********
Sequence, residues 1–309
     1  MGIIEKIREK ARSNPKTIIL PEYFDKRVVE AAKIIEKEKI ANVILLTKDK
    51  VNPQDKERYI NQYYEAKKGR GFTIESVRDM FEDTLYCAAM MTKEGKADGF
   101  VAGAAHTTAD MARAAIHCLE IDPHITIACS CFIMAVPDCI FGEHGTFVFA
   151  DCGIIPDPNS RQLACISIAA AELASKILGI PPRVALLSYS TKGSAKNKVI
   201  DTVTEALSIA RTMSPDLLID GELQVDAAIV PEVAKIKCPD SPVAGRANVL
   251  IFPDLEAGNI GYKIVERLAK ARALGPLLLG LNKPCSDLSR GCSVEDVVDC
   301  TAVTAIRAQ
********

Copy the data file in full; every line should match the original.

Sequence, residues 1–309
     1  MGIIEKIREK ARSNPKTIIL PEYFDKRVVE AAKIIEKEKI ANVILLTKDK
    51  VNPQDKERYI NQYYEAKKGR GFTIESVRDM FEDTLYCAAM MTKEGKADGF
   101  VAGAAHTTAD MARAAIHCLE IDPHITIACS CFIMAVPDCI FGEHGTFVFA
   151  DCGIIPDPNS RQLACISIAA AELASKILGI PPRVALLSYS TKGSAKNKVI
   201  DTVTEALSIA RTMSPDLLID GELQVDAAIV PEVAKIKCPD SPVAGRANVL
   251  IFPDLEAGNI GYKIVERLAK ARALGPLLLG LNKPCSDLSR GCSVEDVVDC
   301  TAVTAIRAQ